Dad was a champion hand ball player, starting as a teenager in the Bronx. Eventually he was the State champion of Arizona. The mantel above the fireplace displayed his trophies. Always there were black high top tennis shoes, hand ball gloves, and the hard black rubber hand balls. I didn’t see him play handball until I was 33. He was 63. With 3 year old Anna in tow, we stopped by his gym, went in, found the viewing area above the handball courts, and sat ourselves down. I was gobsmacked by the fierceness of the game, his agility, grace, and force.
When he got a hip replacement in his 70s, he stopped playing. He took up riding a bicycle instead, and continued to go to the gym.
In the few months before he died, our relationship changed radically for the better. The more dementia he had, the sweeter he became, the less I feared him. Our conversations were necessarily extremely limited. Mostly I played my ukulele and sang. He smiled and applauded. One day as we sat at the small kitchen table together, Mom briefly walked in and out and scolded him for some infraction. He leaned toward me conspiratorially and confided,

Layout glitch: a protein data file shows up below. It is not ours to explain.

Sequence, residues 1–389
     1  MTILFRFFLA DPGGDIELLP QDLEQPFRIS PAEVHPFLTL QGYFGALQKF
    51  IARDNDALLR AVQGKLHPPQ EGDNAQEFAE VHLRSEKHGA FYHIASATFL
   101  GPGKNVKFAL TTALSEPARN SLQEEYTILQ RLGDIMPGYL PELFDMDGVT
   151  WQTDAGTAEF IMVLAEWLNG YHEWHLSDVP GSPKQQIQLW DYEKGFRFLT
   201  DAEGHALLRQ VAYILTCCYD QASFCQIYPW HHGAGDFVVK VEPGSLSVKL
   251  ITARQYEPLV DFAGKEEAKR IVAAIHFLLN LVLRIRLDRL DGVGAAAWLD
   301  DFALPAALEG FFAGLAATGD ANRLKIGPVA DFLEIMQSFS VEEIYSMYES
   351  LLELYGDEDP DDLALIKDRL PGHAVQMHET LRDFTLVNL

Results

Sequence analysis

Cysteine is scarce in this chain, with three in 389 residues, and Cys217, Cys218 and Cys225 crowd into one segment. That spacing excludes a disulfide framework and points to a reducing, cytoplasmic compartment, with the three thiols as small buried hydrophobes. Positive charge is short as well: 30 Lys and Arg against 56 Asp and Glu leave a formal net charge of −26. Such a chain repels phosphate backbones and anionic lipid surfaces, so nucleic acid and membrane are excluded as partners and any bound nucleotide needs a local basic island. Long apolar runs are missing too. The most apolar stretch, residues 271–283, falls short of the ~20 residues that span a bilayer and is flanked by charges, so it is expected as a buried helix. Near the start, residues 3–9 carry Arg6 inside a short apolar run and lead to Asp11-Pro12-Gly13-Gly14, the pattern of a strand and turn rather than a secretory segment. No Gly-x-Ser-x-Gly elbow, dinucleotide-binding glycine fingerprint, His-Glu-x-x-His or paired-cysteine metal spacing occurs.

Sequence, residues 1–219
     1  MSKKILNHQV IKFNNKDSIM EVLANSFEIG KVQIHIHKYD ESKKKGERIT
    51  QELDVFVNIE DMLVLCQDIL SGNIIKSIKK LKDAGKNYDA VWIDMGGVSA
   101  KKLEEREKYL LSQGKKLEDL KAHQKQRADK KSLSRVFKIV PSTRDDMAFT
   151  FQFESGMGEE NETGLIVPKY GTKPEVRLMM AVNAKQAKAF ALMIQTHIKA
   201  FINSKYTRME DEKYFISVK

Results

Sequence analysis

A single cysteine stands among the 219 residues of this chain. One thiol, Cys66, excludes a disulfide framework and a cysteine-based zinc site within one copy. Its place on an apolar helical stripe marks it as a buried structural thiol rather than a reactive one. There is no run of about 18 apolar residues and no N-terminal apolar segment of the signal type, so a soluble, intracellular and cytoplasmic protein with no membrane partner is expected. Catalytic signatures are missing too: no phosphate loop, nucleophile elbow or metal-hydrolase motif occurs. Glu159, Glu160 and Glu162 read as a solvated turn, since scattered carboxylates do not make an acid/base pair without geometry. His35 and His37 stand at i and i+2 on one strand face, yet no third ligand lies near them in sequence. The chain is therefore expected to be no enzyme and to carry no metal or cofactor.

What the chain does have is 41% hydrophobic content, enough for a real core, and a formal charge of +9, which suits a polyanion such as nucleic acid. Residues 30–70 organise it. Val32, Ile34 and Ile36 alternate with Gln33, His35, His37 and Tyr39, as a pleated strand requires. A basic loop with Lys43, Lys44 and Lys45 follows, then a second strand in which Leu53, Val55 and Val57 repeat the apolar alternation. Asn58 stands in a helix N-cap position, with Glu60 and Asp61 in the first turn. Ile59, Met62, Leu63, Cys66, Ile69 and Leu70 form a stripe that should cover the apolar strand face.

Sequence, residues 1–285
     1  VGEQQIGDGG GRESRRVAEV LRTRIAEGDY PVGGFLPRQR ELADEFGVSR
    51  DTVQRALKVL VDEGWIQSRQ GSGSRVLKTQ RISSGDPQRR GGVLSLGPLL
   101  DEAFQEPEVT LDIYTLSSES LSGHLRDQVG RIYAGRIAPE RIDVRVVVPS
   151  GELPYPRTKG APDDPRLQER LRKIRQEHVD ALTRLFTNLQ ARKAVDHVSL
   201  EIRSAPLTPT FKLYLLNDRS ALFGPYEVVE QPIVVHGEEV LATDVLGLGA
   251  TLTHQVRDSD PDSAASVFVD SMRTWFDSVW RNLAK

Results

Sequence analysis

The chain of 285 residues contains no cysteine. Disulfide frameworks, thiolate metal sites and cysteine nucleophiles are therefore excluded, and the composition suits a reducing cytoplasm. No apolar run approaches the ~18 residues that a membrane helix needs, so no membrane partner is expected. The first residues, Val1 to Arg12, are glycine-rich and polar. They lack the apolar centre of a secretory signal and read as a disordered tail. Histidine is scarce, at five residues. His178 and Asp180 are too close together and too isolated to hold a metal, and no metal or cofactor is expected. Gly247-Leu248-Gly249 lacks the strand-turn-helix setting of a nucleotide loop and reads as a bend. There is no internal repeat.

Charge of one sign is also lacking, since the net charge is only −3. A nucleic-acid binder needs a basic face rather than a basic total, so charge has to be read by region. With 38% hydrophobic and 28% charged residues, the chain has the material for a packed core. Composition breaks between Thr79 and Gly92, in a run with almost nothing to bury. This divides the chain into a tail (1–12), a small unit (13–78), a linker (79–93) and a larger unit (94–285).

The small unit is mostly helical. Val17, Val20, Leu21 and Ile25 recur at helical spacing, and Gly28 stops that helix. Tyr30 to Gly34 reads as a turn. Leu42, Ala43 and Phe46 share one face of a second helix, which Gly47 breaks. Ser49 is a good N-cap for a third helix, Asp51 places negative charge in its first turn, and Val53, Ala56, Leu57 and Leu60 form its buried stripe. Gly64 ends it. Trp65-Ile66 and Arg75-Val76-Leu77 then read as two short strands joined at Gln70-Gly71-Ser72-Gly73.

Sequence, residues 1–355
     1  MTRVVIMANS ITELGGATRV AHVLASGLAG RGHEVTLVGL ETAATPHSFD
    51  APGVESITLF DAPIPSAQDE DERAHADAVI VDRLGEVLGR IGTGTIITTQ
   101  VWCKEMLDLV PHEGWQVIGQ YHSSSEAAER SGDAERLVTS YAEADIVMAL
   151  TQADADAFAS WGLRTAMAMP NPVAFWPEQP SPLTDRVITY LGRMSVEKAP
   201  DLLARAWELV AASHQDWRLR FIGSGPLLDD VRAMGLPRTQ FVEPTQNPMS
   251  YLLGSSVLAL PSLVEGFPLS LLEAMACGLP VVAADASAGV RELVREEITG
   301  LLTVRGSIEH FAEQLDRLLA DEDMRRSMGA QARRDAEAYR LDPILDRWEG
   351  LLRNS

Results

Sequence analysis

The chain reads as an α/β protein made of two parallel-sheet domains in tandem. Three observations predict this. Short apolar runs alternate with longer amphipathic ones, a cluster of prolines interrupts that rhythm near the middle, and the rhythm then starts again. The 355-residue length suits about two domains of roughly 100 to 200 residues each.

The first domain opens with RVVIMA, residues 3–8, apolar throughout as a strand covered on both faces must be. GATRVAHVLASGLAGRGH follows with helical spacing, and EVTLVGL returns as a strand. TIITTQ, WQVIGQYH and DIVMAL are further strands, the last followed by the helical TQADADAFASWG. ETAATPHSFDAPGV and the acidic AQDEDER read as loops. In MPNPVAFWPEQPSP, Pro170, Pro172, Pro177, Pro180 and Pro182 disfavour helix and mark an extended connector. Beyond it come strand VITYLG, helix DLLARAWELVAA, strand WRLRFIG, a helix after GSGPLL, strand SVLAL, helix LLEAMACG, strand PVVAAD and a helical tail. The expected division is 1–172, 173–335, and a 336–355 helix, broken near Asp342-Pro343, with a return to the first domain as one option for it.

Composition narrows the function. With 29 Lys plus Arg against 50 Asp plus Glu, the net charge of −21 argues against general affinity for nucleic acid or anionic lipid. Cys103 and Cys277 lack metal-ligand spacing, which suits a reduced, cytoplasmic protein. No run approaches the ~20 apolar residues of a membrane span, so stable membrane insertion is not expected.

I’m trying to be a good boy, so I don’t get into trouble.
Oh, my god.
Breathing in, I saw my father as a five year old boy. Breathing out, I saw the sweetness of his true self.
A few weeks later, my sister Terri called to say that suddenly he could no longer walk or swallow and that he was going into hospice, She told me to hang on, she was going to put him on the phone. He can no longer talk, she said, but he can listen. Talk to him, she said. So I did. I talked. Then, with great difficulty and effort, he said, as slowly as you can possibly imagine, I……… Loooooooooove……… Youuuuu…..
The next day I flew to Phoenix and joined the rest of the family around his hospice bed, some 28 hours before he died. He greeted me with a big smile. Mom said,
Play your ukulele for him Gayle.
So I did. His hands no longer exactly found one another, but you could tell he was trying to clap. I was enough. At the end, he was too. Eight years later, guess what? Just because someone dies, it doesn’t mean your relationship is over. Dad and I are still working it out.
ps.. I had to fight back tears for reason #3 at the gym this week. I happened to be working out on a machine in front of a TV, when Trump was addressing the UN. I heard him say, “… if the [U.S.] is forced to defend itself or its allies, we will have no choice but to totally destroy North Korea.” Whaaaaaattttt!!!!!! Like the adolescent man-child boy he is, he named-called the North Korean leader Kim Jong Un, “Rocket Man” and claimed he is on a “suicide mission.” I am so sad for our country and other countries. What a mess we’ve created!